Thursday, December 26, 2013

Superfreakonomics, by Steven D. Levitt & Stephen J. Dubner

This week I've decided to review the sequel to Freakonomics, Superfreakonomics where Levitt and Dubner return to explore the economic rationales behind some of humanity's (and in some cases monkeys') weirder behaviors. I again found this book to be interesting and it raised some very interesting points, but at the same time I began noticing a trend of extremely loose organization that seemed to be inherent in both books. In the introduction the authors straight up admit that the book doesn't have a unifying theme or a central goal and as a result the book gets kind of muddled because it lacks a goal. A lot of the information presented within the book create interesting anecdotes that make good dinner conversations, but I feel like a lot of the further reading to educate yourself on the subject is left with the reader rather than with the author.

It's very hard for me to pin down exactly why I don't care for the sequel as much as I enjoyed the first one but I get the feeling it might be because it's simply more of the same that you got in the first book. Levitt and Dubner go through data to challenge commonly held assumptions and introduce economic concepts and make them applicable to the lay reader. It's very much like the first book and exposes how to apply an economic mindset to any situation and interpreting it based on incentives, cost versus benefit, and other factors. While it certainly introduces a handful of new concepts and helps to further the education of the lay reader in economic principles and research, I feel like Superfreakonomics isn't quite as ground-breaking as its predecessor. The problem is I can't really come up with any evidence to support my opinion, it's all really down to my feelings.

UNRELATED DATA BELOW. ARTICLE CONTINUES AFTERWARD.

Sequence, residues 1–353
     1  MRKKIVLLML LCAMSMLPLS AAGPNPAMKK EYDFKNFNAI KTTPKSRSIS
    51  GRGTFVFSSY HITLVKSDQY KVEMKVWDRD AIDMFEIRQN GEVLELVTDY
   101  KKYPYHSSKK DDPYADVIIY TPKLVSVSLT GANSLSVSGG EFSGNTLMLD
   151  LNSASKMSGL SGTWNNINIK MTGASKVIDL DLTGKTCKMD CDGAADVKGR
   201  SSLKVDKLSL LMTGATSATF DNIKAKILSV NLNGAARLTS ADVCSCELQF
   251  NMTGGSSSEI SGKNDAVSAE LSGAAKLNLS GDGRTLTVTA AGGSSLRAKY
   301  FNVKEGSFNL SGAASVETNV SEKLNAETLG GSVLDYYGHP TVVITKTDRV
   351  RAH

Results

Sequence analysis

Is the book your time? Probably. It certainly raises a lot of good questions and challenges many commonly-held assumptions within larger society. I just feel like it focuses entirely on simply challenging assumptions and trying to make your head explode with the incredible more than anything else. With no clear goal or no overarching points it comes across as a collection of interesting anecdotes that could very easily be forgotten rather than being applied in the larger world to challenge our perceptions. It's certainly interesting, but I don't know if it will really stick with people.

Overall, interesting, but it's lacking a something I simply can't identify.

- Kalpar

No comments:

Post a Comment